Fully self-driving cars and trucks won’t happen overnight. Indeed, vehicle automation can be broken down into five distinct levels, adopted by the National Highway Traffic Safety Administration (NHTSA):
- Level 0: the human driver does everything;
- Level 1: an automated system on the vehicle can sometimes assist the human driver conduct some parts of the driving task;
- Level 2: an automated system on the vehicle can actually conduct some parts of the driving task, while the human continues to monitor the driving environment and performs the rest of the driving task;
- Level 3: an automated system can both actually conduct some parts of the driving task and monitor the driving environment in some instances, but the human driver must be ready to take back control when the automated system requests;
- Level 4: an automated system can conduct the driving task and monitor the driving environment, and the human need not take back control, but the automated system can operate only in certain environments and under certain conditions; and
- Level 5: the automated system can perform all driving tasks, under all conditions that a human driver could perform them.
Navigant Research estimates that between 20% and 25% of vehicles in use in the key markets of North America, Western Europe, and Asia Pacific will have full automation (NHTSA Level 4) by 2035.
Vehicle automation promises one other potential benefit: safety. There were more than 32,000 fatal crashes in the United States in 2015, resulting in more than 35,000 deaths. A NHTSA study estimated that the economic cost of vehicle crashes in the United States in 2010 was $242 billion when taking fatalities, injuries, and property damage into account. Adding in quality-of-life values, the total societal cost from auto accidents in 2010 ballooned to $836 billion. While no comprehensive study has yet been performed, The National Highway Safety Administration will increasingly be evaluating the potential for automation to reduce these costs – and save lives.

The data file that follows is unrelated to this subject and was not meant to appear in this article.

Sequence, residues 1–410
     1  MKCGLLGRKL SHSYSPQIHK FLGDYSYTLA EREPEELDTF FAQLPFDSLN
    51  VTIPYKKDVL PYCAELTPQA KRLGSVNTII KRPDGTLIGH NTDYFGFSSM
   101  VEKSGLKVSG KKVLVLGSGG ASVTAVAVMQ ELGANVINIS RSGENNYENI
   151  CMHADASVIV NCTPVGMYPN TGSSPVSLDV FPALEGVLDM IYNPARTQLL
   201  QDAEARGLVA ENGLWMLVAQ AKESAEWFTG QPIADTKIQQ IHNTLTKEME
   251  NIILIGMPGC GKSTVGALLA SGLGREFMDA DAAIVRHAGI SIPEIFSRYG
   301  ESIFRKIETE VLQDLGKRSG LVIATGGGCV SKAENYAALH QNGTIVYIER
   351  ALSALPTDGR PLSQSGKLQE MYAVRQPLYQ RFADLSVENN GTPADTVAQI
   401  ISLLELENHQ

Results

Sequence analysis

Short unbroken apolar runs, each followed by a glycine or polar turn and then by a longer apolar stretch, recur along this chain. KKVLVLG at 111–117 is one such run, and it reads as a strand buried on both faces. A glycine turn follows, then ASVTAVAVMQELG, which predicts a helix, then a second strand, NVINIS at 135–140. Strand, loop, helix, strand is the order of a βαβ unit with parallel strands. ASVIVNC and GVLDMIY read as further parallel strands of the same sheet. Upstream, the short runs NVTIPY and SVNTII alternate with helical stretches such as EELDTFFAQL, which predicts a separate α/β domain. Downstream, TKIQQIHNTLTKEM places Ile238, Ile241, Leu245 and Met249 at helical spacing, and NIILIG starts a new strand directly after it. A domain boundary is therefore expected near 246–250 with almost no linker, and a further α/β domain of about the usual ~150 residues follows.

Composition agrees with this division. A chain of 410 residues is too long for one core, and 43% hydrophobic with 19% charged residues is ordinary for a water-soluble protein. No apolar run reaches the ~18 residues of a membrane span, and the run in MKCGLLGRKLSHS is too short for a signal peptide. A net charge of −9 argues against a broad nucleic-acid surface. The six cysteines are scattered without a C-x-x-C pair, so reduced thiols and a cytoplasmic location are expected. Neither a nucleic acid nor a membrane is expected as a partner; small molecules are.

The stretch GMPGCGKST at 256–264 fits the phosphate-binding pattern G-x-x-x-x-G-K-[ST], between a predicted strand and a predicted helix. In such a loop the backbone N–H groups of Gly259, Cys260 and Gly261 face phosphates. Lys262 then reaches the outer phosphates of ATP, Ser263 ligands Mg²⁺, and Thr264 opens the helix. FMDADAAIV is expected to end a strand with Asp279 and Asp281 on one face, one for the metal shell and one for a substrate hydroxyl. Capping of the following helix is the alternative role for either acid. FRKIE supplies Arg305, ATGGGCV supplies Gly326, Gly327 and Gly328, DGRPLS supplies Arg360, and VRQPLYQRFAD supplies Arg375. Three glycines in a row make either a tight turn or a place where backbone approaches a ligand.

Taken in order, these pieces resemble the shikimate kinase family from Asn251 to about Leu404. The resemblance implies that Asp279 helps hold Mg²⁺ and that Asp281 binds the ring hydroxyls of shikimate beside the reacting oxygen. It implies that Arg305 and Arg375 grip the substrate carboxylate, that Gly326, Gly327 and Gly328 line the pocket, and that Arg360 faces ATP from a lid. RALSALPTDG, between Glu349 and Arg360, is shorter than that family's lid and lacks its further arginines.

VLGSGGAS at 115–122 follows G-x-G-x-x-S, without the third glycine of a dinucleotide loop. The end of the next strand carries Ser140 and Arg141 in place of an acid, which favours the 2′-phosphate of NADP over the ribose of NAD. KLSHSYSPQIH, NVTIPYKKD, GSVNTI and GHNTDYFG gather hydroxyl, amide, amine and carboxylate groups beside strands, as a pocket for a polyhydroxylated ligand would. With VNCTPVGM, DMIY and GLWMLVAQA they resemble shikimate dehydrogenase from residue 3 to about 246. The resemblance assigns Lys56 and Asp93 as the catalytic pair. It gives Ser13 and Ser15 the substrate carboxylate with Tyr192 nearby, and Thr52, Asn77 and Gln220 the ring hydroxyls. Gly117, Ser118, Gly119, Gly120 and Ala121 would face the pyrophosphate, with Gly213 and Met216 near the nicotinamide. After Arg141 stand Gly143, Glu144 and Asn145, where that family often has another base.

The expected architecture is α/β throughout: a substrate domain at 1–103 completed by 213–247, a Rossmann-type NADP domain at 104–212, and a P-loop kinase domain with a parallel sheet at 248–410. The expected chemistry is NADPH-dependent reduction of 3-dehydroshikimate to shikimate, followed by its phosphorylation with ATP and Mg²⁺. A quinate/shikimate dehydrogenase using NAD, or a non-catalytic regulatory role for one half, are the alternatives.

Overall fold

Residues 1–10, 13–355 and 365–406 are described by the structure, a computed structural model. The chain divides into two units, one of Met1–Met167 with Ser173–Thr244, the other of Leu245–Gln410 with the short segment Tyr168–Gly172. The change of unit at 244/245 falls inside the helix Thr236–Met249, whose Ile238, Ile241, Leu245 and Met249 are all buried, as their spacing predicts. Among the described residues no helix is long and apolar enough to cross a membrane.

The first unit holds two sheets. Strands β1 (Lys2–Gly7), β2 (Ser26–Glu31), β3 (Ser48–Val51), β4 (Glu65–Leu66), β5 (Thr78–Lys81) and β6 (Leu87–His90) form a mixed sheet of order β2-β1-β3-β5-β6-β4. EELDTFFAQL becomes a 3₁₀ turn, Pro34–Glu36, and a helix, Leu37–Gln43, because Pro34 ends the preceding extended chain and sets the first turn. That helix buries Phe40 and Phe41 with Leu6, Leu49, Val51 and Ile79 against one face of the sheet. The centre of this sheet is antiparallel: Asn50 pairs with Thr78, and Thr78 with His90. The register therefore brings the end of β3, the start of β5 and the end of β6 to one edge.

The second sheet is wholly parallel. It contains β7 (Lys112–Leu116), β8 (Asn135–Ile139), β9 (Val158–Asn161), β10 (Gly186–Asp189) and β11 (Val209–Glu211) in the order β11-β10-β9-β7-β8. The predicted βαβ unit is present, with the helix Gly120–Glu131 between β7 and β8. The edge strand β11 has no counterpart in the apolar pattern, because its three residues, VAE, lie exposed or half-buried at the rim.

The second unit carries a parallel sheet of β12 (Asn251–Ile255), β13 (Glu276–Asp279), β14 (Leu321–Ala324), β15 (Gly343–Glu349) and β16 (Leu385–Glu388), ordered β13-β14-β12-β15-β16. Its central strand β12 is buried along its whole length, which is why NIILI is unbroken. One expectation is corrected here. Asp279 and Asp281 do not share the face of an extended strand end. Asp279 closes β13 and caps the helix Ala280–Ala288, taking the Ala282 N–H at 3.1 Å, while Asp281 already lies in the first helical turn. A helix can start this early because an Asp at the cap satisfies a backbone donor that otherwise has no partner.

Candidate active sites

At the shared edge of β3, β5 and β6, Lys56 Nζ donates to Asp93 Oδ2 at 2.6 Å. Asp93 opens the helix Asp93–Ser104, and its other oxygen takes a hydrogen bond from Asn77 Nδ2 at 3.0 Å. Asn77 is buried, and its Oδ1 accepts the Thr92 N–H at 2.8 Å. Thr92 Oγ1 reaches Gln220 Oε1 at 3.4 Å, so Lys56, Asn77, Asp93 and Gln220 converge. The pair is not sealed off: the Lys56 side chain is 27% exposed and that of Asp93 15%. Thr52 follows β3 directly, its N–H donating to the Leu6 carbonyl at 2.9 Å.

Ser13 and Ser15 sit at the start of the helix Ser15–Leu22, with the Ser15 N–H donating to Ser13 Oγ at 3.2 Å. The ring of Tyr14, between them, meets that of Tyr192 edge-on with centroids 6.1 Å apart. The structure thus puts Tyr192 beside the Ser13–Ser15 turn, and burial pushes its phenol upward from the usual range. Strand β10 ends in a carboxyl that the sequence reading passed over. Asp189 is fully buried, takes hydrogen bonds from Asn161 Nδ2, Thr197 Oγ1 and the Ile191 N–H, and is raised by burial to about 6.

Point-to-point transportation available on-demand could slash wasted time and improve quality of life in cities and suburbs, while car-sharing and automation would ease congestion, increase efficiency, and reduce the number of personally owned vehicles making one-person trips. Indeed, Navigant Research expects global vehicles in use will likely begin a steady decline in the 2030s, eventually dropping by half or more by mid-century. Just as the mass-produced automobile changed the way people work, live, and play in the 20th century, the new shared mobility system enabled by automation, connectivity, and electrification will change society in the 21st century.
Find out more about this year’s advanced energy trends and the full size of the advanced energy market by downloading Advanced Energy Now 2017 Market Report, available for free at the link below:
This post is one in a series of feature stories on trends shaping advanced energy markets in the U.S. and around the world, drawn from Advanced Energy Now 2017 Market Report, which was prepared for AEE by Navigant Research.